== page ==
When we left Downtown, Kylan and I booked a room at Circus Circus. The carnival-themed casino is inexpensive, functional, and easy to get around – and it’s still a fair distance from the Strip’s most suffocating crowds. Part of our stay was also nostalgic: Hunter S. Thompson trashed a hotel room in Circus Circus during his Fear and Loathing in Las Vegas odyssey.

When I mentioned my plans to an acquaintance in California, he concluded, “Oh, so you must have kids, then.”

I don’t, and I certainly wouldn’t take them to Sin City. But if I did have a litter in-tow, we’d probably take them to Circus Circus, where a massive gallery of Skee-Ball and Pop-A-Shot games surround a central circus ring, and unicyclists, acrobats and clowns perform every 45 minutes. The games section, called the Midway, supplies guests with video-games and air-hockey at any hour of the day. Or night.

Not that I had planned to munch on mescaline and threaten waitresses with knives, but Circus Circus was far tamer than I imagined. Sure, there was an old-Vegas grittiness here; the buildings were old and dimly lit, and its frugality seemed to draw a quirky crowd (I met a man at the pool who had just been fired from his San Diego job, so he decided to book a room here for three full weeks as he heartily partied and pondered his life). But Circus Circus had a pleasant, homey quality to it. If the County Fair in my hometown offered minimalist rooms and Pay-Per-View, it would probably feel a lot like Circus Circus.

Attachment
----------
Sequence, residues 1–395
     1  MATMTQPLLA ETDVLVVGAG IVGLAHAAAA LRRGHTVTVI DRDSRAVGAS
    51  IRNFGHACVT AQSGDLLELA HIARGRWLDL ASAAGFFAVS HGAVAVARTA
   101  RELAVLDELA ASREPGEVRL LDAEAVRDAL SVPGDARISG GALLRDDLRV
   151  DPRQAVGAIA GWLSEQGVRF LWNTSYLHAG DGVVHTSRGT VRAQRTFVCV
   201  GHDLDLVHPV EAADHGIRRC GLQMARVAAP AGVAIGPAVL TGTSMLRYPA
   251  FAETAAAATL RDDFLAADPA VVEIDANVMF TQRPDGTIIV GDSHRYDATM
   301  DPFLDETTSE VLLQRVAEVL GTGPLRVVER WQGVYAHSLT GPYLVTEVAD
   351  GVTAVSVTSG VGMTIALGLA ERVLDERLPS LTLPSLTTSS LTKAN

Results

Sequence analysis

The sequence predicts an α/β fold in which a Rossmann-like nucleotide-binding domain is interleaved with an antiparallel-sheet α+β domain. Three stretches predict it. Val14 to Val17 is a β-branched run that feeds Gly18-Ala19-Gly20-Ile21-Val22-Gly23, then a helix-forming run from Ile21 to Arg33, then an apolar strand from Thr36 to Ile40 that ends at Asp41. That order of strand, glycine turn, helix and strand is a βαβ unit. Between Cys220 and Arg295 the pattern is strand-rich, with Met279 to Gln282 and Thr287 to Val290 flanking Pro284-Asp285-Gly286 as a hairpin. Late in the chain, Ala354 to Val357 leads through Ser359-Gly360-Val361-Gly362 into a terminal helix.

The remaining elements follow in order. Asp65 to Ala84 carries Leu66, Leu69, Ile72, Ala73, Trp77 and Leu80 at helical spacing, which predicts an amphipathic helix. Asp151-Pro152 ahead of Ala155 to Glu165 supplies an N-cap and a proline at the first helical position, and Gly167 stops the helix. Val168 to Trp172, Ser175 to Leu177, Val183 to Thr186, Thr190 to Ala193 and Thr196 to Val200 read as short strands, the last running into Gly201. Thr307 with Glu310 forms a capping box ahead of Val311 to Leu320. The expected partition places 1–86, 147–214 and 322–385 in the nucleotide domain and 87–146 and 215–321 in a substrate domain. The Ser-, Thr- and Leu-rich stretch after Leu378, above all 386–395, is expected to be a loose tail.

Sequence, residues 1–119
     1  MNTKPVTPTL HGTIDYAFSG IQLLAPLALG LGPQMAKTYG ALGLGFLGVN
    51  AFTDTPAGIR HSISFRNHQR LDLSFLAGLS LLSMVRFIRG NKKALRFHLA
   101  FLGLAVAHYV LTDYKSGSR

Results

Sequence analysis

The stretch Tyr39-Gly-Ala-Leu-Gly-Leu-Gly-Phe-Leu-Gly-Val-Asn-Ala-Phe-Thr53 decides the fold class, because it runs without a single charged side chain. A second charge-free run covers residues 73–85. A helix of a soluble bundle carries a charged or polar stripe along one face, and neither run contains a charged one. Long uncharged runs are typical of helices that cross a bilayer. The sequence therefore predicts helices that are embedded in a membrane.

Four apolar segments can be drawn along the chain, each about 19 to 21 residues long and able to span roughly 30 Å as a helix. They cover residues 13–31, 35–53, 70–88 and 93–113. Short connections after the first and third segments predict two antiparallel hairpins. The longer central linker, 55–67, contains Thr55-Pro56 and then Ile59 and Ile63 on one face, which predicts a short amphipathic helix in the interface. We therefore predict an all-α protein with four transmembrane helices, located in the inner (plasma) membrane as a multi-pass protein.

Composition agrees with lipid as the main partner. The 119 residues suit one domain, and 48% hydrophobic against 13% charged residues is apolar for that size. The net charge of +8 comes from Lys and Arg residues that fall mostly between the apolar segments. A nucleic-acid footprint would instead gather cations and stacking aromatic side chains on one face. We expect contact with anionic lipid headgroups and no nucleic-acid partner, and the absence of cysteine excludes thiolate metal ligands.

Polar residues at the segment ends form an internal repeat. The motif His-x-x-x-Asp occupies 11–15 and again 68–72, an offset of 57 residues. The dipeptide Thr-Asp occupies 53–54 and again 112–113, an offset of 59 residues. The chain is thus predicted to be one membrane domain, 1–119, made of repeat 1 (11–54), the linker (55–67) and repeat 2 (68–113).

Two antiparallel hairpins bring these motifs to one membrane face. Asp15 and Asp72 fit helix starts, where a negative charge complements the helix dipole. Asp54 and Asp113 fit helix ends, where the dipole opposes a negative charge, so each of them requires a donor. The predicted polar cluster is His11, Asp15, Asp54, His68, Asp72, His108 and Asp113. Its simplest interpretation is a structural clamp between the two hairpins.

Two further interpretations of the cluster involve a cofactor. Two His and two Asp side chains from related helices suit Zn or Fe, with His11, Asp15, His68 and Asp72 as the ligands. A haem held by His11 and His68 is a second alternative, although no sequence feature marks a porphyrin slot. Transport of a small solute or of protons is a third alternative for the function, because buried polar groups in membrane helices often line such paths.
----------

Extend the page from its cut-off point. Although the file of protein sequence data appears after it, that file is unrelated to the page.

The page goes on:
The hotel’s latest claim to fame is the Adventuredome, a five-acre, indoor theme-park implanted in Circus Circus’ second floor. Neither Kylan nor I had visited an amusement park in years, so it seemed fitting to invest in a day-pass. For $24.95, we could ride the roller-coaster, try out the 3-D simulator, or experience a G-force drop. The lines were short, so it didn’t take long to exhaust our options; the climbing-wall cost extra, and the gallery games didn’t interest us. As a veteran of “Star Tours,” I was expecting more of the 3-D simulator. The Melvin the Martian video was funny but not very clever, and the chair itself was immobile; instead of feeling sudden drops and light-speed, we were sprayed in the face and jabbed in the kidneys by invisible prods. It felt less like a thrill-ride and more like an instrument of torture.

We left the Adventuredome after only two hours. The park’s slogan is “act your age somewhere else,” and by early afternoon, Kylan and I were hungry for somewhere to act our own age. In a way, this summarized our Las Vegas sojourn; we had spared ourselves the usual crowds and sensory-overload. We had dabbled in Vegas’ vintage past. We’d met some people, if fleetingly, and had enjoyed some nice conversations with locals and travelers. And we had cheated the system; although Vegas compels visitors to gamble, we had risked only $20 at the slots machines, and won about $7 back. When we finally boarded our plane and watched the sunburned city recede into salt-flats, we felt grateful for a week of hedonism, but also relieved to be going back to real-life.